In November 2008, I moved back into my parents’ house at age forty-three.

In May, I’d already moved out of my boyfriend’s. Six months later, in the midst of the housing crisis, I had to clear out of my coach house in Fox Lake, Illinois within a month when my landlady defaulted on her mortgage. I moved back home to Cincinnati in part because I didn’t know where else I could go so quickly, but also because I was determined to finally pay off the large student loans that had dogged me for years.

Dad’s photo of Mitchell Memorial Forest, 2005

All my life, Dad had said, “Home is where you can always go! Home is where they have to take you in.” But I’d never expected to need his openness and generosity so literally. (He probably didn’t, either!)

Monday before Thanksgiving, the moving van drove three hundred miles to deliver the sum total of my belongings to Diamond Oaks Storage on Harrison Avenue. Dad remarked on how little I had to show for someone in my forties; mostly a bedroom set and a bunch of books! I’d downsized to fit my life into my boyfriend’s existing one, and when I left I didn’t want to bring anything with me. For the record, I would not recommend either approach.

I settled into my tiny childhood bedroom right next to Mom and Dad’s. Mom cleared out the bookshelf and half the closet for my stuff. Dad set up my computer table in a corner of the finished basement. In the morning I made espresso on the machine we fit into a corner of the kitchen, and we watched the birdfeeders. Then I went downstairs and worked for my Illinois employer in a remote situation I was fortunate they’d suggested. In the afternoon I lay on my bed and stared at the ceiling. For months I couldn’t read books. People kept giving me recommendations of books to read, and I kept saying, sure.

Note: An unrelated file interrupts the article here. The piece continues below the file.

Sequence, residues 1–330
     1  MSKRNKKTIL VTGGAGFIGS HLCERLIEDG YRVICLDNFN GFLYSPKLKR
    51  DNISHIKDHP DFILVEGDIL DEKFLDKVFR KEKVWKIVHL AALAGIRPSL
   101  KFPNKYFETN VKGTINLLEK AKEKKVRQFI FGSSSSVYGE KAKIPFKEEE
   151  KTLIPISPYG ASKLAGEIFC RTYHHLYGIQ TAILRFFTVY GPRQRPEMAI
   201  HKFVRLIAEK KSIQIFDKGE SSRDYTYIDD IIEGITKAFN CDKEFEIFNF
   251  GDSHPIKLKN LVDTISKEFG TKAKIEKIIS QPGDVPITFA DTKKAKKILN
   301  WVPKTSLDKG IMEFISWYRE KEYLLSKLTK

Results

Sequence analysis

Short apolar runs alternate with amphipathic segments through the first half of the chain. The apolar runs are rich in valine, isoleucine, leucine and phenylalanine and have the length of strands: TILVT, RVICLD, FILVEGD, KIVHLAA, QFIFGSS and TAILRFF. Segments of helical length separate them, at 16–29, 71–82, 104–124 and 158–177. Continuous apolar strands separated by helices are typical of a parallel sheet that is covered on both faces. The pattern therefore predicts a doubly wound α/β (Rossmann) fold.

On Wood Duck Trail

I started spending time walking and running in the parks every day. At home, the intrusions, the noise, the constant need to schedule were unfamiliar, and I knew I was the one imposing. At first I would run the gravel and dirt Wood Duck Trail at Mitchell Memorial Forest, a pretty one-mile loop with challenging hills. I usually ran it twice and called it a day. Occasionally I ran three loops, and once I made it through four.

By February the temperatures were turning warmer, and I decided to tackle the four-mile technical mountain bike trail. I began by hiking it, which took well over an hour. Then I started running as far as I could before walking the rest of the way out.

Early Spring pear trees at Mitchell

The feeling of trail running was not what I remembered from high school cross country so much as it was the running of a child, flying over dips and around sharp bends, leaping obstacles and landing lightly. I knew I was running too fast sometimes, just because it felt so good. Trail running takes total attention not to trip over a roots or rocks, and no matter what was swirling in my head when I started, it was peace when I was done. I did meditation, yoga, other exercise, but nothing ever helped like the trail.